Ask Me No Questions: Increasing Empirical Evidence for a Qualitative Approach to Technology Acceptance

Conference paper
Part of the Lecture Notes in Computer Science book series (LNCS, volume 12181)


The Technology Acceptance Model and its derivatives position Perceived Ease of Use, sometimes mediated by Perceived Usefulness, as the primary indicator of an intention to adopt. However, an initial study cast doubt on such a causal relationship: poor ease-of-use scores using a standard instrument did not necessarily correspond to poor usefulness comments from users. We follow up in this paper to explore reproducibility and generalizability. Using secondary review of results from testing and validation activities, we find confirmation that the post hoc measurement of Perceived Ease of Use is less important to participants than their concern for task-oriented usefulness. An ambivalent relationship obtains, therefore, between quantitative measures of Perceived Ease of Use and qualitative review of comments on Perceived Usefulness across three sites in Italy, Spain and the UK. Participants seem to prioritize their professional responsibilities and focus on how the technology under test might support them in their role. We therefore offer an explanation based on psychological theories of work and suggest a controlled follow-on study exploring the narrative content of technology acceptance.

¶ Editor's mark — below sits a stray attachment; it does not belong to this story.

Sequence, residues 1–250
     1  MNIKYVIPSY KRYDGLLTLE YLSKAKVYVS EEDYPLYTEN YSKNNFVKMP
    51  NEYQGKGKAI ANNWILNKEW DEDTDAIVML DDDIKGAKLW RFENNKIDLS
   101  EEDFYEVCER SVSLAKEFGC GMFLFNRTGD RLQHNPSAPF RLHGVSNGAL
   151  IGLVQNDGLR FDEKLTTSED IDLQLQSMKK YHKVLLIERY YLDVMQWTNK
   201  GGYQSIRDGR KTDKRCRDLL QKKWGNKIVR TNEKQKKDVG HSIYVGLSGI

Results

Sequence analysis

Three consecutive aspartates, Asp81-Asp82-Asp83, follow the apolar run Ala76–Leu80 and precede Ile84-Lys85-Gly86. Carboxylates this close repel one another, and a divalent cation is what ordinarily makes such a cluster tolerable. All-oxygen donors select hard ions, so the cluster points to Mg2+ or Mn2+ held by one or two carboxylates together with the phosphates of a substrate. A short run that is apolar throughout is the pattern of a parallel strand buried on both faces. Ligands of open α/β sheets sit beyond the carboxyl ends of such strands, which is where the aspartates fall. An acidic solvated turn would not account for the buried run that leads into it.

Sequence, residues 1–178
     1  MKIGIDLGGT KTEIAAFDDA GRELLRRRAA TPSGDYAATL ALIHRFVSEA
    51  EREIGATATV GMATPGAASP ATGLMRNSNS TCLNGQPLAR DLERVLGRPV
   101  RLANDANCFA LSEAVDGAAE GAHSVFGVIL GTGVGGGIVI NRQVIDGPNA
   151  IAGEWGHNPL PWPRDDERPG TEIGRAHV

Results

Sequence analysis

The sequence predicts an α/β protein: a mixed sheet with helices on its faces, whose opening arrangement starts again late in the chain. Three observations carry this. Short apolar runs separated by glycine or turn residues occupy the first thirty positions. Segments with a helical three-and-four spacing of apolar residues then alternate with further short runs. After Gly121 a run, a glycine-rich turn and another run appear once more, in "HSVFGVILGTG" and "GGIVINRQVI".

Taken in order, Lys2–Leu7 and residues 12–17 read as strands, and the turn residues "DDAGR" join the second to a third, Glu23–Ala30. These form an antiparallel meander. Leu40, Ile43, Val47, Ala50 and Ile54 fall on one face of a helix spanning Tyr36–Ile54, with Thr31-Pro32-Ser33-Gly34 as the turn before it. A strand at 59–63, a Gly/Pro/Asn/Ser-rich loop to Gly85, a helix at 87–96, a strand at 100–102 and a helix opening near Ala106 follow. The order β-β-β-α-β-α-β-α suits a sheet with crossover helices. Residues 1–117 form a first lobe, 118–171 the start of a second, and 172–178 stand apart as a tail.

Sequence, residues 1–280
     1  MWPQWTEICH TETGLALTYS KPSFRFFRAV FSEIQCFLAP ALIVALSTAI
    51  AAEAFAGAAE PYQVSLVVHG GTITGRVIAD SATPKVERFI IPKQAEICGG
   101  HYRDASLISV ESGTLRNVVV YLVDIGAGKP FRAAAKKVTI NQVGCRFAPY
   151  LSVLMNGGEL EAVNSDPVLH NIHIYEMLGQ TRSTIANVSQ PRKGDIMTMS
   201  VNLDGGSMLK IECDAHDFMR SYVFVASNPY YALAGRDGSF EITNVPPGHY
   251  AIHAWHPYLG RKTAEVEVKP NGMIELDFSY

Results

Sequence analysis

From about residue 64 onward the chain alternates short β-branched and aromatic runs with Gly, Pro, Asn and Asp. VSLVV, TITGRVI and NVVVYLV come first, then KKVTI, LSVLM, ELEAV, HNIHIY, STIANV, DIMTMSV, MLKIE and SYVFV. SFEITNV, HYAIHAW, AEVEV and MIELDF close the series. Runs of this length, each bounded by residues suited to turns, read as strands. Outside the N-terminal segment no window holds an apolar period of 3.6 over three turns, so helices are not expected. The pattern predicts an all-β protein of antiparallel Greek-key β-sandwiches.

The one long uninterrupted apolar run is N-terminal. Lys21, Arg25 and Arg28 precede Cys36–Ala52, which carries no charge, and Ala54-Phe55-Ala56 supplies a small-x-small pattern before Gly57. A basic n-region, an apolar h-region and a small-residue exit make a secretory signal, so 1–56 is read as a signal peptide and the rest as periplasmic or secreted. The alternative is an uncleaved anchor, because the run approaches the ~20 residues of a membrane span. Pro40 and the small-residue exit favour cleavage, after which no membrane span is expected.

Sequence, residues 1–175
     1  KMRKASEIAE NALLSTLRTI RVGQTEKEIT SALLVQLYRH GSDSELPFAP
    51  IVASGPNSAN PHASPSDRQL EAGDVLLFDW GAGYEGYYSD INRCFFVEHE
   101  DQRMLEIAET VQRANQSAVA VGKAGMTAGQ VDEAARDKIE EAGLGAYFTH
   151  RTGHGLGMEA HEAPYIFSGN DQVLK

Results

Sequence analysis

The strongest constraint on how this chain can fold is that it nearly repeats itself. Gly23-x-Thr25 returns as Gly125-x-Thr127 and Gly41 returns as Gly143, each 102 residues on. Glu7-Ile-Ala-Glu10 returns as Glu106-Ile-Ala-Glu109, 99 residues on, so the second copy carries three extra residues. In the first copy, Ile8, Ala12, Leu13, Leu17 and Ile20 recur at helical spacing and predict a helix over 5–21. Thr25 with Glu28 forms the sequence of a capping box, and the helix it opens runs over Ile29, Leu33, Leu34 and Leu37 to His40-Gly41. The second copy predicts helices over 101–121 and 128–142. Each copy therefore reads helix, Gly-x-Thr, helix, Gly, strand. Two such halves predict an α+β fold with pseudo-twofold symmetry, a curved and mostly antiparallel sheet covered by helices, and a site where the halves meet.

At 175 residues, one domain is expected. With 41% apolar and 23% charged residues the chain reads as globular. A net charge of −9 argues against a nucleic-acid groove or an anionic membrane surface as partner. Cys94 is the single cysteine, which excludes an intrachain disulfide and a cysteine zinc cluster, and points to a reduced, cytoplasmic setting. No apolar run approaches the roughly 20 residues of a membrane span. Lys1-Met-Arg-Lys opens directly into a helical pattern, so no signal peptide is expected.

Technology acceptance User adoption Mixed methods System usability Technology affordance Job Characteristics Model Job demand-control model 



This work was conducting with support of the OPERANDO (EU H2020 research grant No 653704) and of the SHiELD project (EU H2020 research grant No 727301).


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© Springer Nature Switzerland AG 2020

Authors and Affiliations

  1. 1.Electronics and Computer ScienceUniversity of SouthamptonSouthamptonUK
  2. 2.Oxford Computer ConsultantsOxfordUK
  3. 3.Fondazione Centro San RaffaeleMilanItaly
  4. 4.Biocruces Bizkaia InstituteBarakaldoSpain

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